On April 14th, Tom Randall of Bloomberg News bannered “Fossil Fuels Just Lost the Race Against Renewables,” and reported that:
“The race for renewable energy has passed a turning point. The world is now adding more capacity for renewable power each year than coal, natural gas, and oil combined. And there’s no going back. The shift occurred in 2013, when the world added 143 gigawatts of renewable electricity capacity, compared with 141 gigawatts in new plants that burn fossil fuels, according to an analysis presented Tuesday at the Bloomberg New Energy Finance annual summit in New York. The shift will continue to accelerate, and by 2030 more than four times as much renewable capacity will be added.”
The article’s graphs of electrical generation show that, from now till at least 2030, solar will soar around five-fold, and wind will double, while coal and also oil will shrink about threefold. These are the major reasons why fossil fuels will shrink and be increasingly replaced by renewables. By 2030, the renewably-produced electrical power is projected to be 4.36 times as much as the fossil-fuel-produced electrical power. In 2015, that ratio is only 1.49. In 2010, it was only .89 (more electrical power was fossil-fuel than renewable). So, the renewable/fossil ratio is soaring, and is expected to continue soaring in the coming decades.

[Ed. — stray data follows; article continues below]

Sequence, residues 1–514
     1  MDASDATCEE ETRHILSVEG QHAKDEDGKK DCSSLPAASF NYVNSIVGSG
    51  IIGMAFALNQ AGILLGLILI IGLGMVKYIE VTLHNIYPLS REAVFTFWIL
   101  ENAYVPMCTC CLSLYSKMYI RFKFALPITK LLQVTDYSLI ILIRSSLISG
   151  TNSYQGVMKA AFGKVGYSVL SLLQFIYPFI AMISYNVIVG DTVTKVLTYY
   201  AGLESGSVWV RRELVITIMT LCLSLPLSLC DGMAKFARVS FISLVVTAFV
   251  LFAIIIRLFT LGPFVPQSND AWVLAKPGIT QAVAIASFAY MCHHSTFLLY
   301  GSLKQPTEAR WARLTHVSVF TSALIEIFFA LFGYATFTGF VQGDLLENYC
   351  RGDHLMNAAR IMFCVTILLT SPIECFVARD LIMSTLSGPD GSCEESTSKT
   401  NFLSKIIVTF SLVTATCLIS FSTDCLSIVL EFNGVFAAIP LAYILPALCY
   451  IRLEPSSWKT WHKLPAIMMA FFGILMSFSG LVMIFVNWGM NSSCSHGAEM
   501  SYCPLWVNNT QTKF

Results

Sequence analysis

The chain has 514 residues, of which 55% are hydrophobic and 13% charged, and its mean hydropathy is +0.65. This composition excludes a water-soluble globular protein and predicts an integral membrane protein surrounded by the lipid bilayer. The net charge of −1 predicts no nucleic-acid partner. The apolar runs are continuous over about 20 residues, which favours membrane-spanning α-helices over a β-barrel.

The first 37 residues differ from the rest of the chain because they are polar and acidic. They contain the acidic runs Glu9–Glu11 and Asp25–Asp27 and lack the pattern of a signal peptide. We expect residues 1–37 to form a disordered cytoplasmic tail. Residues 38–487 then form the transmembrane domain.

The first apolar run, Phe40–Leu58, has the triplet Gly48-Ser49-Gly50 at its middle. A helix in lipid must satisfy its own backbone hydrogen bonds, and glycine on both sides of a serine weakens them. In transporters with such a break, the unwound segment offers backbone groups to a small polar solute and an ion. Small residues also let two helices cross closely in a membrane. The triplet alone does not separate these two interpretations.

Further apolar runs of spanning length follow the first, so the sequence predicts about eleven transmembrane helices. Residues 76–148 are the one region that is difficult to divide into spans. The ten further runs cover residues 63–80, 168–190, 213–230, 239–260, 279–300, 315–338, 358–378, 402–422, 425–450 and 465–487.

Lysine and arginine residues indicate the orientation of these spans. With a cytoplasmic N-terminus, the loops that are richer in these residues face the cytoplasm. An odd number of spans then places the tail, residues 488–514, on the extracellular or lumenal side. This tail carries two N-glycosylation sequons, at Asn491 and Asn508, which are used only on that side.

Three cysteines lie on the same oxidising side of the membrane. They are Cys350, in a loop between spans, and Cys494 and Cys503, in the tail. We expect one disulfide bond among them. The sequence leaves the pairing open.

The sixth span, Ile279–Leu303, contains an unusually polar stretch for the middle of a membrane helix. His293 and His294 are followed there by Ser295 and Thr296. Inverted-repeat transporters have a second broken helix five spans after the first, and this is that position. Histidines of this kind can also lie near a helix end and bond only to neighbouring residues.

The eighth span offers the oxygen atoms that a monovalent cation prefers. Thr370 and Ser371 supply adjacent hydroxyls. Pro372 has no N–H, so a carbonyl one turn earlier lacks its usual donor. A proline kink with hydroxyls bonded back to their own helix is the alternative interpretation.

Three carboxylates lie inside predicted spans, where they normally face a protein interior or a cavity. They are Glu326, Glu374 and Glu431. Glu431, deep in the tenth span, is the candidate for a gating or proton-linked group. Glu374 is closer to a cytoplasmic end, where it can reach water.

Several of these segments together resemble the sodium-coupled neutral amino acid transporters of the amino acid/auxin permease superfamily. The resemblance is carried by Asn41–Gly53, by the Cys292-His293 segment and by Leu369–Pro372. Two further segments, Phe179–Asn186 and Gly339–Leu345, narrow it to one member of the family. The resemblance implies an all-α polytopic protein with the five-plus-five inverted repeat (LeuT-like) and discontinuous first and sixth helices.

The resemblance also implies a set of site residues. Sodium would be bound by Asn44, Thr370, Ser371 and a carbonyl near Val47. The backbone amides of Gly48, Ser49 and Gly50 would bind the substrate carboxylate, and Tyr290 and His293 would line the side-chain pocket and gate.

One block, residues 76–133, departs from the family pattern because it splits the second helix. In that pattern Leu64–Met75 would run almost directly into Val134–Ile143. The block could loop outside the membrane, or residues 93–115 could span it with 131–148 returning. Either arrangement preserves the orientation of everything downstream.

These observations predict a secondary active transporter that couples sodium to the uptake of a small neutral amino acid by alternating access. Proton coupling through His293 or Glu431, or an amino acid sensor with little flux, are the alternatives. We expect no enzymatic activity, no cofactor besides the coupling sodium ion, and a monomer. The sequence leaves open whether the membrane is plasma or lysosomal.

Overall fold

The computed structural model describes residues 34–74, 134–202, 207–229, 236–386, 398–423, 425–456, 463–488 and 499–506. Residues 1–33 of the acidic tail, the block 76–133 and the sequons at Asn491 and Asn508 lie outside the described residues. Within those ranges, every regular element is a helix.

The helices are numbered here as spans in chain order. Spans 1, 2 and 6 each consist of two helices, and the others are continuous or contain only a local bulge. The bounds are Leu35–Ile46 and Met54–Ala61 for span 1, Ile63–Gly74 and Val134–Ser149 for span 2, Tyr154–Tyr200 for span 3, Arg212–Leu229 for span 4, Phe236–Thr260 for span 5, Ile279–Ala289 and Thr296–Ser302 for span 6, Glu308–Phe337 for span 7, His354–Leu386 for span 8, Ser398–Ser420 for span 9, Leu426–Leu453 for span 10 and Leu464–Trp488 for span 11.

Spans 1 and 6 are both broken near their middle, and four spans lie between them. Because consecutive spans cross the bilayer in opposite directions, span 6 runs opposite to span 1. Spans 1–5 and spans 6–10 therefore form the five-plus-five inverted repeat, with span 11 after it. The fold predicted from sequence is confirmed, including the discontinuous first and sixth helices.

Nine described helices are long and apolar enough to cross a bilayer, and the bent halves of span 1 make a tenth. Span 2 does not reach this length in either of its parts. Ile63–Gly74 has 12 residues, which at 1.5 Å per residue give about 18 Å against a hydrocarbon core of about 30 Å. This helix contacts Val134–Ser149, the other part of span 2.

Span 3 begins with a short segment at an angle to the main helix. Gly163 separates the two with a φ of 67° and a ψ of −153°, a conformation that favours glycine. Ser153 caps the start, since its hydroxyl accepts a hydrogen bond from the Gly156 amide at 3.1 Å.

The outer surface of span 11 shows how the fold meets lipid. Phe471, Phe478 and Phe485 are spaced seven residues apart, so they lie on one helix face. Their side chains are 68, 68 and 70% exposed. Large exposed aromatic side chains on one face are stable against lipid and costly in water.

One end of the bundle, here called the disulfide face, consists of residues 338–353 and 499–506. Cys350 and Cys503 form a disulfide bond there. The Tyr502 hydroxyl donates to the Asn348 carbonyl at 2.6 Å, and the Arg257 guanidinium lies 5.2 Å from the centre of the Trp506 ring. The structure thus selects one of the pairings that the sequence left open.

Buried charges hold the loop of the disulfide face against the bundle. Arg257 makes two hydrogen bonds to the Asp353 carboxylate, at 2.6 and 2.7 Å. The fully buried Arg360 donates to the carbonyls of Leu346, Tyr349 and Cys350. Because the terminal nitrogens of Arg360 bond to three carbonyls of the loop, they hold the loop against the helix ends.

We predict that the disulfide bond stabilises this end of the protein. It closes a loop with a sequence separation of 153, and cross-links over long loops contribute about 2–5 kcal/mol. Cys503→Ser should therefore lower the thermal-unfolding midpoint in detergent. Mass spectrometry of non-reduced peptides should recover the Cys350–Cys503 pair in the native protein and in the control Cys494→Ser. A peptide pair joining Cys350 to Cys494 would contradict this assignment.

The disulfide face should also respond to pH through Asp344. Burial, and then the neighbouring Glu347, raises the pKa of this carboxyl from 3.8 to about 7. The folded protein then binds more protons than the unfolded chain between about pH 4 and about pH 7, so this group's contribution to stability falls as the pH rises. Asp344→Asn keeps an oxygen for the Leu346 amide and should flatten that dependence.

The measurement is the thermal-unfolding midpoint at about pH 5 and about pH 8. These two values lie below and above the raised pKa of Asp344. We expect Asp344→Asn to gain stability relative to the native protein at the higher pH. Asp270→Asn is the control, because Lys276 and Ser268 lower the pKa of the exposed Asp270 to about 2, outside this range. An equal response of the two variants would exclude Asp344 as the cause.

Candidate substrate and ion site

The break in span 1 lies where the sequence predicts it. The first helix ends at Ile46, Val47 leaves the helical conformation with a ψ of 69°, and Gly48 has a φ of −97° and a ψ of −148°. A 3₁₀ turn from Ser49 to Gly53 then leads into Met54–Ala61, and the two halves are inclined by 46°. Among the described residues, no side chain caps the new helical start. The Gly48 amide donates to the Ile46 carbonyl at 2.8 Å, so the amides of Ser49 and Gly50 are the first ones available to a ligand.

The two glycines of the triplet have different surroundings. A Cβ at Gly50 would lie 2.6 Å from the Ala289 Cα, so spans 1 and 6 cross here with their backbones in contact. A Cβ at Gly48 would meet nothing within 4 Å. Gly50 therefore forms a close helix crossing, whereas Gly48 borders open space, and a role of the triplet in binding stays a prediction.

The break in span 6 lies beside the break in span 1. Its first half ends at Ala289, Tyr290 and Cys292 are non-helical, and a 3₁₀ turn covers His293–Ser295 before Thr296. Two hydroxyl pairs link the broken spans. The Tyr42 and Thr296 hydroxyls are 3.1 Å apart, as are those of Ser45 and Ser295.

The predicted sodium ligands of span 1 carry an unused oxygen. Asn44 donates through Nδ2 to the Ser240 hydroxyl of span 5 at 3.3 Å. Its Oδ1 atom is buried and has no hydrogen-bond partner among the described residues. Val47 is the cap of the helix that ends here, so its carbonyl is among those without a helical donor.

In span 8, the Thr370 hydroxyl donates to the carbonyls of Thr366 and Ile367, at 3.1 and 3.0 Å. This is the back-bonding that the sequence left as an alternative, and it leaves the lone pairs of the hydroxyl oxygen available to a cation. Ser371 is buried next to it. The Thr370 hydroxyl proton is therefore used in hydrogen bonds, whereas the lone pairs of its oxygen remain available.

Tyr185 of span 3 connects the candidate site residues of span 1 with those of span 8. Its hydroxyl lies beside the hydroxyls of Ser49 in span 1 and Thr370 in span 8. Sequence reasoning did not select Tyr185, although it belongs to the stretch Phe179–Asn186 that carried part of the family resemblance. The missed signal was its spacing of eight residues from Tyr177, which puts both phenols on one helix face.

These figures are for electrical generation, not for automobile and other gasoline-powered vehicular usages of energy; but, from now on forward, any switch away from gasoline and toward electrically powered vehicles will be increasingly toward renewable energy sources.
Furthermore, regarding the vehicular switch to electrically powered cars, another Bloomberg article the same day headlines “The $5 Billion Race to Build a Better Battery,” and reports that Bill Gates, Elon Musk, Kleiner Perkins Caulfield & Byers, Bill Joy, and Nick and Joby Pritzker, are among the many venture capitalists who are investing heavily in new battery-technologies that hold real promise of making electrical vehicles overtake gasoline-powered ones.
The combination of these two factors — plunging costs for renewables, plus increasing efficiencies in battery-technologies — suggests that perhaps the possibility to prevent runaway global warming is more realistic than had previously been expected (though not less than hoped).
Investigative historian Eric Zuesse is the author, most recently, of They’re Not Even Close: The Democratic vs. Republican Economic Records, 1910-2010, and of CHRIST’S VENTRILOQUISTS: The Event that Created Christianity, and of Feudalism, Fascism, Libertarianism and Economics.